This paper examines teacher education textbooks for discussion of research-based strategies that every teacher candidate should learn in order to promote student learning and retention.
Learning About Learning: What Every New Teacher Needs to Know Retrieved from http://www.nctq.org/dmsView/Learning_About_Learning_Report.
This document explores ways in which time can be used as an education resource. It opens with an overview of studies that indicate that American students trail their counterparts in other leading industrialized nations in academic achievement. It discusses research on the relationship between time and learning.
Aronson, J., Zimmerman, J., & Carlos, L. (1999). Improving Student Achievement by Extending School: Is It Just a Matter of Time?.
The purpose of this action research was to explore how a new teacher could manage time while teaching third grade students.
Borek, J., & Parsons, S. (2004). Research on improving teacher time management. Academic Exchange Quarterly, 8(3), 27-31.
The purpose of this article is to provide an overview for those interested in the current state‐of‐the‐art in time management research.
Brigitte J.C. Claessens, Wendelien van Eerde, Christel G. Rutte, Robert A. Roe, (2007) "A review of the time management literature", Personnel Review, Vol. 36 Iss: 2, pp.255 – 276
The findings presented in this book are based on an analysis of 57 research studies concerned with the relationship between one or more of the educational time factors cited above and the student outcomes of achievement and attitudes. Twenty-nine are primary sources (studies or evaluations) and 28 are secondary source (reviews, syntheses, and meta-analyses).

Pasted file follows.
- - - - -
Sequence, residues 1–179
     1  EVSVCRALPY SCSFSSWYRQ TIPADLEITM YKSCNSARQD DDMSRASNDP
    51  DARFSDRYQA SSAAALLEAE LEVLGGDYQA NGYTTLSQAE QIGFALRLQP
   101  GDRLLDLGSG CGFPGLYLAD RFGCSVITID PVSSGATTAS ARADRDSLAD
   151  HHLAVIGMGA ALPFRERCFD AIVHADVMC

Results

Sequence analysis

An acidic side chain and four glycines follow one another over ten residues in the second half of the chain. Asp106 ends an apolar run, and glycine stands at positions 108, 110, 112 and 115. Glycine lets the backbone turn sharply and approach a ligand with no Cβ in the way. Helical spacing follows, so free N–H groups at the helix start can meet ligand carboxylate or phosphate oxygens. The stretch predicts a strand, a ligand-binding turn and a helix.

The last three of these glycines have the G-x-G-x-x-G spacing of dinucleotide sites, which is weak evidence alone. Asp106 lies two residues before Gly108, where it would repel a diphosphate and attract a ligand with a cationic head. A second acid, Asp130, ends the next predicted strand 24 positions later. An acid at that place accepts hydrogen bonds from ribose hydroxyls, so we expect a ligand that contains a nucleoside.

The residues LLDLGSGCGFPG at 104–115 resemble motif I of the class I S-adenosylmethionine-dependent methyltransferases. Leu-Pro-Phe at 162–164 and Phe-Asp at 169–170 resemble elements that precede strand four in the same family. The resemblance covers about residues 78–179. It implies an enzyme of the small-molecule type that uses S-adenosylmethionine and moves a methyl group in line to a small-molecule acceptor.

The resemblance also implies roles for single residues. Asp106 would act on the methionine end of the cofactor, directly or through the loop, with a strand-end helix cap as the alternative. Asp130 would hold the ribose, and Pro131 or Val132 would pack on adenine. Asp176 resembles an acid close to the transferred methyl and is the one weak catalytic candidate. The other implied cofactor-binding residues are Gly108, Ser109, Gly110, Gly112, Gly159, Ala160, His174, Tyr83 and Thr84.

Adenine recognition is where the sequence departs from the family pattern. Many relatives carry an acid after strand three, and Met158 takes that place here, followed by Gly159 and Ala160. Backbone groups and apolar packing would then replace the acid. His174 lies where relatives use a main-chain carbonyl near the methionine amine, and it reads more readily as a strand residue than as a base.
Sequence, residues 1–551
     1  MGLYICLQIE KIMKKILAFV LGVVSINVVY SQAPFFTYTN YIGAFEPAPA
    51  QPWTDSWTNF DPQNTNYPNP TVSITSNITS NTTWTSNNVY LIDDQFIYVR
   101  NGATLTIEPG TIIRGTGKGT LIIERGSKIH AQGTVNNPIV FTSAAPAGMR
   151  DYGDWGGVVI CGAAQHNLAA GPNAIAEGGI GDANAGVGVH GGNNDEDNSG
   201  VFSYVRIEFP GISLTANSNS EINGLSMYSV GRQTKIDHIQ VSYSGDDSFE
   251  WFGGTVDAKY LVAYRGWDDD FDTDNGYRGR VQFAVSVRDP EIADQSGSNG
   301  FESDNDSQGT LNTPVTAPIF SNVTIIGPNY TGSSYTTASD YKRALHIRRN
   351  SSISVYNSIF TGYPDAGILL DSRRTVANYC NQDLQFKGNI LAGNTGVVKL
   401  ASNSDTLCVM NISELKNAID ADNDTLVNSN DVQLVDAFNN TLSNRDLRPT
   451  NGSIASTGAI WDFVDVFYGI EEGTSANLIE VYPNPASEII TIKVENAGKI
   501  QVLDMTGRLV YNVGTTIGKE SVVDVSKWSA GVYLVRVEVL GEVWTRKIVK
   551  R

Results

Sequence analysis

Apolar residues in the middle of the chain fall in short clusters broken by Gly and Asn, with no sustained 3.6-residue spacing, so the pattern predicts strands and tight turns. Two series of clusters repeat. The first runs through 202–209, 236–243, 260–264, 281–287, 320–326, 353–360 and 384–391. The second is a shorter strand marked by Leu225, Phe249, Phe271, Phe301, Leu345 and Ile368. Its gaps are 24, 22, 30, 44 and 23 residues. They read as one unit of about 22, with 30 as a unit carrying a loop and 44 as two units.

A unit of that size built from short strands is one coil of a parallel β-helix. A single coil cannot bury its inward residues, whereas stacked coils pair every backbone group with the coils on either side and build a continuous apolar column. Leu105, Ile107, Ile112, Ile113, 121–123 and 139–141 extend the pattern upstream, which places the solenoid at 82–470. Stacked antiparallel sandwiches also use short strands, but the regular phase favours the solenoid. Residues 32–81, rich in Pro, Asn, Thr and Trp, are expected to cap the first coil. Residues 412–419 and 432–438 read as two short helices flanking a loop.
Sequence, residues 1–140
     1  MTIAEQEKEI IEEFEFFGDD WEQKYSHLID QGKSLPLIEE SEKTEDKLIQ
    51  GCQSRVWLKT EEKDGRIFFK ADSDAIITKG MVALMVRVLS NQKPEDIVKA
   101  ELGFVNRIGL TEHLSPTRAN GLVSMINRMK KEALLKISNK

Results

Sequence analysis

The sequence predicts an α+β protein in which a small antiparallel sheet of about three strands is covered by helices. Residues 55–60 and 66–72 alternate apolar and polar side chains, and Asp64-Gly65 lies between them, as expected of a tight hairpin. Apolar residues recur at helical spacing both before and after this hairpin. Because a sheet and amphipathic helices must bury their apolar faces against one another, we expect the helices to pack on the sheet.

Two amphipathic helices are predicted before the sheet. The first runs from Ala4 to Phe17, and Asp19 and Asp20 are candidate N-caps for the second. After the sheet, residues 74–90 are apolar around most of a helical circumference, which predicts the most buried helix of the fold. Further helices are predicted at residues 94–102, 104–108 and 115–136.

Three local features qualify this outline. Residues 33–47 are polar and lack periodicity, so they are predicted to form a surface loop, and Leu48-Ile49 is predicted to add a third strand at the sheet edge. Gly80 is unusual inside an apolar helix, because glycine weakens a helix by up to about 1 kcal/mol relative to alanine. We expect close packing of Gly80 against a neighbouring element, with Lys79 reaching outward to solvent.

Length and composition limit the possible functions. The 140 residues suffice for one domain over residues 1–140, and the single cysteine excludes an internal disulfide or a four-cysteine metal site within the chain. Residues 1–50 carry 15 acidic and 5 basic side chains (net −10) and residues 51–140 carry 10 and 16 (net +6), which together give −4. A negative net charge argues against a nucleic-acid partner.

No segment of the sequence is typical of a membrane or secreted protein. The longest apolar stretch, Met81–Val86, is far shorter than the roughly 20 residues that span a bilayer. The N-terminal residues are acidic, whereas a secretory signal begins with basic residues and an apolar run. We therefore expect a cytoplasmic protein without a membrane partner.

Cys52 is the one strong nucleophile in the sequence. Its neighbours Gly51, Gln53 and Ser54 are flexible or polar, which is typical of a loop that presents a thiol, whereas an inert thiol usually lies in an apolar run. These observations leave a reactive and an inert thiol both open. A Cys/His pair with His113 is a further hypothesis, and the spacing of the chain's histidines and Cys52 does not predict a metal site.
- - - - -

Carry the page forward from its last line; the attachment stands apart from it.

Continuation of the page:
Cotton, K., & Wikelund, K. (1990). Educational time factors. Portland, OR: Northwest Regional Educational Laboratory.
This paper examines data on 39 charter schools and correlates these data with school effectiveness. We find that class size, per-pupil expenditure, teacher certification, and teacher training—are not correlated with school effectiveness. In stark contrast, we show that frequent teacher feedback, the use of data to guide instruction, high-dosage tutoring, increased instructional time, and high expectations—explains approximately 45 percent of the variation in school effectiveness.
Dobbie, W., & Fryer Jr, R. G. (2013). Getting beneath the veil of effective schools: Evidence from New York City. American Economic Journal: Applied Economics, 5(4), 28-60.